U.S. to Send Special Envoy to North Korea in Attempt to Secure Release of American Missionary

North KoreaWASHINGTON — The U.S. Department of State has announced that it will be sending a special envoy to North Korea this weekend in an attempt to secure the release of an American missionary that has been sentenced to 15 years of hard labor in the country.

The government announced the visit on Tuesday, outlining that the trip was at the invitation of the Democratic People’s Republic of Korea. Special Envoy for North Korean Human Rights Issues Ambassador Robert King will travel to Pyongyang on Saturday in an effort to free Kenneth Bae, a businessman and missionary from Washington state.

As previously reported, Kenneth Bae, who operates a Washington-based tourist company, was arrested not far from the city of Yanji last November, where some Christian groups provide aid to North Korean refugees. It is stated that Bae has made a number of trips to North Korea to assist orphaned children.

While the exact reason for his charges of committing “hostile [and religious] acts to bring down the government” has not been made known, some organizations speculate that Bae may be in trouble for taking pictures that the government found threatening.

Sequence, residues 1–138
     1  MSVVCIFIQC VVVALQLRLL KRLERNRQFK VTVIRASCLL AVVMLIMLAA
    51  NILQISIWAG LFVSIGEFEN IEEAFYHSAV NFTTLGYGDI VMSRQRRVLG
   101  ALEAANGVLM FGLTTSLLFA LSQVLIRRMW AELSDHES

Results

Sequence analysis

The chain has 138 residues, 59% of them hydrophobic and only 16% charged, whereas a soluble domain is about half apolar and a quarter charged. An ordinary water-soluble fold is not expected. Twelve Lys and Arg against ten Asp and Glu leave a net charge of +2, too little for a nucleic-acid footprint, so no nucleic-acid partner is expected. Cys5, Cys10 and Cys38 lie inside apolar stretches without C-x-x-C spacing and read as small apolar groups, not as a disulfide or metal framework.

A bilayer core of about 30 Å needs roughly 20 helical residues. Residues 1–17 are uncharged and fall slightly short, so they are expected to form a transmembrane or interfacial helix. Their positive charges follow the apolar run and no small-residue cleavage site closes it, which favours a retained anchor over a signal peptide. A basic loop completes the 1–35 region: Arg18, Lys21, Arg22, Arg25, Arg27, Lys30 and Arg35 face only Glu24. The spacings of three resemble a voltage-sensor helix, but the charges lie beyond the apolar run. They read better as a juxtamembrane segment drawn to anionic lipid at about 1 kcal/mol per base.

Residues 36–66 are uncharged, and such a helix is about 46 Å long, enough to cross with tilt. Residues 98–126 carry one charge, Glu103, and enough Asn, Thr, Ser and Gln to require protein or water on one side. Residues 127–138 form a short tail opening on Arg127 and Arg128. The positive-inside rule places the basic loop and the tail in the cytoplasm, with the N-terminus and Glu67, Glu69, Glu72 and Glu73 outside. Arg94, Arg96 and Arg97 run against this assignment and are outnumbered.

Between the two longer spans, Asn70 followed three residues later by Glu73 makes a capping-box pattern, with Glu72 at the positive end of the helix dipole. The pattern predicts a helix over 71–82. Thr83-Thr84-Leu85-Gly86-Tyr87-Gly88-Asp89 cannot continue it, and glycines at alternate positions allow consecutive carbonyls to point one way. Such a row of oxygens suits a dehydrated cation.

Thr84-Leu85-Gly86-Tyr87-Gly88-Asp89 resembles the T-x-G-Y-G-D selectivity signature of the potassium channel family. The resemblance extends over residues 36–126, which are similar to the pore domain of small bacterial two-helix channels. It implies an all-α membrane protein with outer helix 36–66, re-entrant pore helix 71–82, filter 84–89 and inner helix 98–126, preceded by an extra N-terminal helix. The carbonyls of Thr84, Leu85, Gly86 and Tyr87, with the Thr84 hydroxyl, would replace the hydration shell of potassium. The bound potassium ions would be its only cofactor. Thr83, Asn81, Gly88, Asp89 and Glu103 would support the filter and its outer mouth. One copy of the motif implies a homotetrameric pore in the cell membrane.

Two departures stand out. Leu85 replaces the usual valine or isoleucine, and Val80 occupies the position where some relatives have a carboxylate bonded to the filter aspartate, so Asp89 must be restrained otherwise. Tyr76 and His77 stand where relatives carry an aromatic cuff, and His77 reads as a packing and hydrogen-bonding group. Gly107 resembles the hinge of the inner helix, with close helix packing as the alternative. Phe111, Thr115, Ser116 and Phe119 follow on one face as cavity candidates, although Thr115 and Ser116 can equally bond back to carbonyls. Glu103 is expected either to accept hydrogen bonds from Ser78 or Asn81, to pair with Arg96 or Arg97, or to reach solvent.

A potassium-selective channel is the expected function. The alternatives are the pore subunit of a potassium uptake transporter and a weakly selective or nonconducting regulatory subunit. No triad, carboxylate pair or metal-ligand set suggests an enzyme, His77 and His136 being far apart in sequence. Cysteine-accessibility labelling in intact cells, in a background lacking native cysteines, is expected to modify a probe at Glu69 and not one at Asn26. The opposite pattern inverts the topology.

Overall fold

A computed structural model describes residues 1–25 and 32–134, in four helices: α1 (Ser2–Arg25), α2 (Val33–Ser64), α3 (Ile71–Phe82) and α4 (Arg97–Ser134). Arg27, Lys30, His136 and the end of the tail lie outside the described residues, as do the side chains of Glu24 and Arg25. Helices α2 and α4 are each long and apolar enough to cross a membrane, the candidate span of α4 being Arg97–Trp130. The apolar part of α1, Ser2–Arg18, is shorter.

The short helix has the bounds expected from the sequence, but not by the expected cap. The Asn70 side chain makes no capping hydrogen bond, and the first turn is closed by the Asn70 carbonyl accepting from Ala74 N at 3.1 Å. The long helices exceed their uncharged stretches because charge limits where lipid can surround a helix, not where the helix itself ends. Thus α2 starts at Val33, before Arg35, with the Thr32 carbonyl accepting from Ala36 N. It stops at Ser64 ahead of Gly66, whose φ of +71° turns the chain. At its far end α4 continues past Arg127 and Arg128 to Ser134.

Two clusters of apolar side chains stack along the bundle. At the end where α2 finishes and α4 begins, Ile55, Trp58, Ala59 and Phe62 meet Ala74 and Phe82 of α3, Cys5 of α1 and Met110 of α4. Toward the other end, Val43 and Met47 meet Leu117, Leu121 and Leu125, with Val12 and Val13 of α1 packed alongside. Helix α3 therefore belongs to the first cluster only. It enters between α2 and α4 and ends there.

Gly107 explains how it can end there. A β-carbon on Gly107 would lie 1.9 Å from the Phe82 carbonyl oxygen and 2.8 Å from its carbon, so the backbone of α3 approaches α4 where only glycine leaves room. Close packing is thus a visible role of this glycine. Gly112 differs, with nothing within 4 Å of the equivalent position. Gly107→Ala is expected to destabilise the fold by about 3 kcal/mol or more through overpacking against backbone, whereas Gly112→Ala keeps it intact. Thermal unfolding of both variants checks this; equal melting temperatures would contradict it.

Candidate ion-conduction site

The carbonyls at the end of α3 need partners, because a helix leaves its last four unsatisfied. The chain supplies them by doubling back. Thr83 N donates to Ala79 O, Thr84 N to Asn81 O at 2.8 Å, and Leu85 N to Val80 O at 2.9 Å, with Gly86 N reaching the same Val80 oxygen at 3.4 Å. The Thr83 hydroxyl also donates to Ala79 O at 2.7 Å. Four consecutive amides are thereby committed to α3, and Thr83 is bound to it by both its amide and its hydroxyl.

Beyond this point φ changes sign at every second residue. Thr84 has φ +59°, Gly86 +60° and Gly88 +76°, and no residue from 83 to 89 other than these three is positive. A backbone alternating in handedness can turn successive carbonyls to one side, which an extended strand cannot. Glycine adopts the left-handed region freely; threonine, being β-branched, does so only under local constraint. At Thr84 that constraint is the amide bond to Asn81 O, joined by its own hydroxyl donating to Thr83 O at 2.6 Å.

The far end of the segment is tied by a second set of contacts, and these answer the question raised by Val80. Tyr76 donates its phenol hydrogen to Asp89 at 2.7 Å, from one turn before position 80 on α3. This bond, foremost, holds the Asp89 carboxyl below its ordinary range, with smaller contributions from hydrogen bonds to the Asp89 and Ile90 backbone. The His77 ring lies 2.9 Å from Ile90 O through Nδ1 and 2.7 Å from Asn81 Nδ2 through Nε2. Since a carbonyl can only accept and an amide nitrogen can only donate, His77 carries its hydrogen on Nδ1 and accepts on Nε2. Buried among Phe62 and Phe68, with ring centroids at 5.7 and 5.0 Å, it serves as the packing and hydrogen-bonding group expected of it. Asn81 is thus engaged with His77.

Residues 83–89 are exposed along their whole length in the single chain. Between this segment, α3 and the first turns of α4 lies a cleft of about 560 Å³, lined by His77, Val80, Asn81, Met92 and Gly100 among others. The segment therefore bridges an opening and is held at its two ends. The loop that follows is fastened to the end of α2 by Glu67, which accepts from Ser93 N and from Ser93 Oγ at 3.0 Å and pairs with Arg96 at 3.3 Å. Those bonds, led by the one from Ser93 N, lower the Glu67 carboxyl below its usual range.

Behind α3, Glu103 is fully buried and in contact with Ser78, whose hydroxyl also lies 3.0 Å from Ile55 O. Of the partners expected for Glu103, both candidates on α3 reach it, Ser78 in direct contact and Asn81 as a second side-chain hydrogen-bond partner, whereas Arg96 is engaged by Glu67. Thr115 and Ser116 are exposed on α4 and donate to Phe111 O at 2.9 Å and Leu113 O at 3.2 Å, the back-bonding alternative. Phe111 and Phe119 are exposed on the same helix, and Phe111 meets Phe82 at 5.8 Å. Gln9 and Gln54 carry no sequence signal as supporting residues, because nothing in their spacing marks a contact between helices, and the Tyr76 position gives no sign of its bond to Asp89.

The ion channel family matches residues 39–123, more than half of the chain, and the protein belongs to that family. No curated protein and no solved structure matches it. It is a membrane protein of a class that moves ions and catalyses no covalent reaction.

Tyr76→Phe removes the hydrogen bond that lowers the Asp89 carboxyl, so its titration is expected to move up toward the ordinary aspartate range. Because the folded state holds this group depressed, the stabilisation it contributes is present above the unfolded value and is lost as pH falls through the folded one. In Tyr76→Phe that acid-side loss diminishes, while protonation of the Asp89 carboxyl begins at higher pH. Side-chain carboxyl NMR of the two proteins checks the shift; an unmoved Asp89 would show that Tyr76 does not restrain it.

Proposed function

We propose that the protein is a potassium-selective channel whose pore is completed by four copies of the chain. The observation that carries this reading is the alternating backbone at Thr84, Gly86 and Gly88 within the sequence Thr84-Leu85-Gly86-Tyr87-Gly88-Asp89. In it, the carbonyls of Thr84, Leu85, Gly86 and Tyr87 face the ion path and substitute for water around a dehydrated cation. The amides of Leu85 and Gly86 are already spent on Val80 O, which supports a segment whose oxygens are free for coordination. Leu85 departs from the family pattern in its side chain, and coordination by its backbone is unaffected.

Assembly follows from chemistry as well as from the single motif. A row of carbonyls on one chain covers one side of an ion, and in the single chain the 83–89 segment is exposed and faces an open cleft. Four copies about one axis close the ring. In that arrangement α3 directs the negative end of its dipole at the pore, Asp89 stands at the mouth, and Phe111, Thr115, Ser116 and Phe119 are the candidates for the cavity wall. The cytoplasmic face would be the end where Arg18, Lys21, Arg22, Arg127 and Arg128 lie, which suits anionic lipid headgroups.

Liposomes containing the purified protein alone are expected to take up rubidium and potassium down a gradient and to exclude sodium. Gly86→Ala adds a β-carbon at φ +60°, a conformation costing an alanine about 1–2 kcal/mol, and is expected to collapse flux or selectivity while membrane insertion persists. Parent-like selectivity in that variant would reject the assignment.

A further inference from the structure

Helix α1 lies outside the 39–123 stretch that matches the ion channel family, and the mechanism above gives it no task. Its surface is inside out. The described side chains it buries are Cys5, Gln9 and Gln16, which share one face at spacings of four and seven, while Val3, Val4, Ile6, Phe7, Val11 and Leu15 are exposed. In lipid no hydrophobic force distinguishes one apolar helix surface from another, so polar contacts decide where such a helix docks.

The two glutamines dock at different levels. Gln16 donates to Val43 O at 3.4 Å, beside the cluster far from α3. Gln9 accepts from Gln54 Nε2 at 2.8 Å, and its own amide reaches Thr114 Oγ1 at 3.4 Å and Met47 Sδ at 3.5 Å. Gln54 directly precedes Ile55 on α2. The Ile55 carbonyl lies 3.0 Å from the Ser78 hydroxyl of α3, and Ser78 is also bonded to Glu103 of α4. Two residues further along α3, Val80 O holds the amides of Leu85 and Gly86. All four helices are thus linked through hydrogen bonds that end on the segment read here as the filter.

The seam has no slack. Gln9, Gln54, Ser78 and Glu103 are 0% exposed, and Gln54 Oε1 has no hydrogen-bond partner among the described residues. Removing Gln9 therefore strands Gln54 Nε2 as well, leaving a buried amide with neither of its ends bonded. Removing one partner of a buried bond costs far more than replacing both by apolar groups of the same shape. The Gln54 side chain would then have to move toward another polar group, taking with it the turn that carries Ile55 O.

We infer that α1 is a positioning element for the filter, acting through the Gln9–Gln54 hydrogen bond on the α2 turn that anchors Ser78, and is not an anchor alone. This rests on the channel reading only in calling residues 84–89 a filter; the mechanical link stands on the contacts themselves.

“The most plausible scenario I can think of is that he took some pictures of the orphans, and the North Korean authorities considered that an act of anti-North Korean propaganda,” said Do Hee-youn of the Citizens’ Coalition for the Human Rights of North Korean Refugees.

Others opine that perhaps he took photographs of prisoners being executed or other similar human rights concerns. One report claims that Bae was found with a disc that had potentially sensitive information.

A video released by CNN last month shows Bae allegedly admitting to violating North Korean law, but some are skeptical about the admission.

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“There were preliminaries for three months. I wrote a statement that I violated the law upon entry to Rajin city. During the preliminaries, I admitted to this fact so I didn’t feel the need to choose a lawyer to defend my case at the trial,” he stated in the video. “I know that what I did cannot be forgiven, but my wish is for this to be solved as soon as possible and meet my family.”

According to reports, Bae has been working eight-hour days in the fields, weeding and planting beans and potatoes. He has lost over 50 pounds since he began serving his sentence, and was recently hospitalized due to failing health. Bae struggles with diabetes and a number of other physical ailments.

CNN reports that American officials had offered weeks ago to send a special envoy to the country in order to discuss Bae’s release, but the country only recently agreed to the meeting and issued an invitation.

“As the U.S. Government has on a number of occasions since the April 30 verdict, Ambassador King will request the D.P.R.K. pardon Mr. Bae and grant him special amnesty on humanitarian grounds so that he can be reunited with his family and seek medical treatment,” the Department of State wrote in its press release on Tuesday.

Bae’s son has been petitioning Secretary of State John Kerry to help free his father.


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